Factual Corrections and Additions for Throwing Thunderbolts

Introduction: It is now nearly six months since my book, Throwing Thunderbolts, was published. Since that date I have collected the following corrections and a few additions to the text.

Cover: the grenadier’s sabre is not the correct model (1767) but a later one. The handle grip should not be wrapped in black leather.

p.11 The judgement of the King took several votes in the National Convention;

15 January: First vote on the king’s judgement at the Convention. He is found guilty of conspiracy against public liberty by 707 votes to 0.

16 January: Vote in the Convention on the punishment to be inflicted on the king, beginning at 8 p.m. and ending at 8 p.m. the following day.

17 January: Result at 9 p.m. of the vote under pressure from a raging or wild audience: 361 votes in favour of the death penalty 360 against (including 26 supporters of the death penalty with reprieve).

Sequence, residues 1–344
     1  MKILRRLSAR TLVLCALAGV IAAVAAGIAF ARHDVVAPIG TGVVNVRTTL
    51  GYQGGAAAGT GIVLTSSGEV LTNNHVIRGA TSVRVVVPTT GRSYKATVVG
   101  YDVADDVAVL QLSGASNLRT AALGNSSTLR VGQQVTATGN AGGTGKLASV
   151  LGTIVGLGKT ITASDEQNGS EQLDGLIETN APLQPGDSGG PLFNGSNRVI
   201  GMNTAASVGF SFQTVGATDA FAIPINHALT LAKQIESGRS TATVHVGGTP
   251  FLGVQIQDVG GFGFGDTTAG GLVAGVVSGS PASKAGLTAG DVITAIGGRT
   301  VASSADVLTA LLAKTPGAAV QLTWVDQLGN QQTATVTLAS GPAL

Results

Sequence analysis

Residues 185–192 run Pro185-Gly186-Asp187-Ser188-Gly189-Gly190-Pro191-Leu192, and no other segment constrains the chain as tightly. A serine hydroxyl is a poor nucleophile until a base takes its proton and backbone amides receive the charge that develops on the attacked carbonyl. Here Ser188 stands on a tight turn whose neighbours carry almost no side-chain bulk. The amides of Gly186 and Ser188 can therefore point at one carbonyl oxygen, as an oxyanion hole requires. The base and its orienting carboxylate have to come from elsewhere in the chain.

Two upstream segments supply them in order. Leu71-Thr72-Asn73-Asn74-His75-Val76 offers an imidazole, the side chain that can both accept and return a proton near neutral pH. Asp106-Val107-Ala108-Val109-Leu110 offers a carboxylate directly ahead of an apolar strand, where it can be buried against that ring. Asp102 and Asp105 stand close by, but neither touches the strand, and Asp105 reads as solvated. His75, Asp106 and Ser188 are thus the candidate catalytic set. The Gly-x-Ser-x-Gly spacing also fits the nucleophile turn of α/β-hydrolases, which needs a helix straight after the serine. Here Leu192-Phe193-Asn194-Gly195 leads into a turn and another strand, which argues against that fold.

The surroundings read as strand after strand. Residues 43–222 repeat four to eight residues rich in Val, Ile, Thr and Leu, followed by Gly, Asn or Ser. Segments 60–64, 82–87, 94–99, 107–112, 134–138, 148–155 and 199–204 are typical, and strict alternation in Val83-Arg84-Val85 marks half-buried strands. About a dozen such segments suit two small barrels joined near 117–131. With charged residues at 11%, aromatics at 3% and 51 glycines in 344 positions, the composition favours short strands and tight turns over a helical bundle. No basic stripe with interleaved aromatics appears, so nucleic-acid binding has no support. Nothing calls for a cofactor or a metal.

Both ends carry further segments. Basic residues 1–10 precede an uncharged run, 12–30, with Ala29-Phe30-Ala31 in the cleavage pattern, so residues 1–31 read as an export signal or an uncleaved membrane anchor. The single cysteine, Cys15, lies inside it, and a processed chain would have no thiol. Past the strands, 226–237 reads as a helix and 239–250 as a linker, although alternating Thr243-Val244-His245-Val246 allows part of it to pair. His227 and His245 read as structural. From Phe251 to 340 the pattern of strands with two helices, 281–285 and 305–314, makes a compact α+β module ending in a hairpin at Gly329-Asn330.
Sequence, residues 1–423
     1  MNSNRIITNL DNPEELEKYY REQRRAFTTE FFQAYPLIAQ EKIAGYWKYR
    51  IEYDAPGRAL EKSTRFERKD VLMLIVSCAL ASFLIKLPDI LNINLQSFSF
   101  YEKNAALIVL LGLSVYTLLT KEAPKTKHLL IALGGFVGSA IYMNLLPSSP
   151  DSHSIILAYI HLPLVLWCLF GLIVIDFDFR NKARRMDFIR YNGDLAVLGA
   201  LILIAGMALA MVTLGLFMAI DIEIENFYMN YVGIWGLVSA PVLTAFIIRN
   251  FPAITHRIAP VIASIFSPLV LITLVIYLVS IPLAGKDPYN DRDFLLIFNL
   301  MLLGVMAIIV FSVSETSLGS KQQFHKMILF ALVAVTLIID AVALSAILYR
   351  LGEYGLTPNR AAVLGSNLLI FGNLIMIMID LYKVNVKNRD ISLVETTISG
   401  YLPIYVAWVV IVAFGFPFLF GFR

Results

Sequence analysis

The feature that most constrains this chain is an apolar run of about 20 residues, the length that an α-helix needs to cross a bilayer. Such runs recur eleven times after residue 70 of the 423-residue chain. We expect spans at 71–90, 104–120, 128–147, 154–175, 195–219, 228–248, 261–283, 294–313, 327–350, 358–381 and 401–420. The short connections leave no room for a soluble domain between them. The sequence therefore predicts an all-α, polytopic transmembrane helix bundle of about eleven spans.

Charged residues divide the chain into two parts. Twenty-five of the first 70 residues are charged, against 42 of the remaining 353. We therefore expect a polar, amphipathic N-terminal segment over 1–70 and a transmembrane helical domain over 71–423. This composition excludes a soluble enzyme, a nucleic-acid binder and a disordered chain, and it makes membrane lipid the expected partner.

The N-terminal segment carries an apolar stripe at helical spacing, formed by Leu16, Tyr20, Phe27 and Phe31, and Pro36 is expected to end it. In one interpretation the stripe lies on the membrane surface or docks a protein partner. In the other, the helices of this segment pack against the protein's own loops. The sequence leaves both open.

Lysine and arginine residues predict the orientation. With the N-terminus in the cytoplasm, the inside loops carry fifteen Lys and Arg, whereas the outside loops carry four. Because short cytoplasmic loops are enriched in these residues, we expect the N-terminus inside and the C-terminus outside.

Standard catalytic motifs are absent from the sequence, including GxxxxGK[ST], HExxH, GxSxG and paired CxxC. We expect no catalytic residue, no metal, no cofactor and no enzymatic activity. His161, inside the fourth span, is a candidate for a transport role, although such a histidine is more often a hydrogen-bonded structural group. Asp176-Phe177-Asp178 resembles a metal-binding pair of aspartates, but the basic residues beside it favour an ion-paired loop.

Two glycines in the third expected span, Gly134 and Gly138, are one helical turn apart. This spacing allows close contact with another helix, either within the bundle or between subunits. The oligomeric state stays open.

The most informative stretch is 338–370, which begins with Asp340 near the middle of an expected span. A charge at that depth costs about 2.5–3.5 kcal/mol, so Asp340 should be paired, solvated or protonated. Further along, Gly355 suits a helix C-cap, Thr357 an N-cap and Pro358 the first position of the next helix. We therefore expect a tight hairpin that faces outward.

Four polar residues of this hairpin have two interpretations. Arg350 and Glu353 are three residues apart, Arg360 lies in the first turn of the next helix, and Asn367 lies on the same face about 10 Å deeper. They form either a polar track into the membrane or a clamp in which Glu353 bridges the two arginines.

20 January: Refusal of the suspension of the execution of the King’s judgment by the Convention by 380 votes to 310.

21 January: Execution of the king. Louis Capet was guillotined on the Place de la Révolution at 10:22 a.m.

p.22 footnote 61: the reference for this is Phipps, West, p.160.

p.22, first para:  The Battle of Mas Deu was the day before on the 19 May. François-Xavier de Llucia’s report, which details the fighting, was dated the 20th. Phipps gives the date as the 20 May.

p.23 Marcé was sent to the guillotine on 29 January 1794.

p.26 d’Elbée was wounded at Cholet not killed.

p.28 footnote 100: Lieutenant-General Sir Charles Grey was 1st Earl Grey.

p.31: The battle of Le Cateau is normally associated with the action on the 29 March 1794. The action on the 26 April is more often called the Battle of Beaumont.

p.34, 2nd Paragraph: Robespierre went to the guillotine on the 28 July.

p.34, 3rd Paragraph: Le Quesnoy fell on the 15 August.

p.34, footnote 126: the page number should be 321.

p.42, Casa Fuorte (from Phipps) should probably read Casa Fuerte which means ‘strong house’ in Spanish.

p.43, 1st paragraph: the date at the end should be the 25 November.

p.49, 2nd Paragraph; the spelling of the river is IJssel.

p.62, footnote 248: the correct brigadier is Major General Welbore Ellis Doyle the brother of John.

p.97, May 12; the frigate squadron was commanded by Lawrence William Halsted of HMS Phoenix.

p.104: Forlì is spelt with an accent on the i.

p.110; The surrender at Fishguard was actually early on the morning of the 24 February.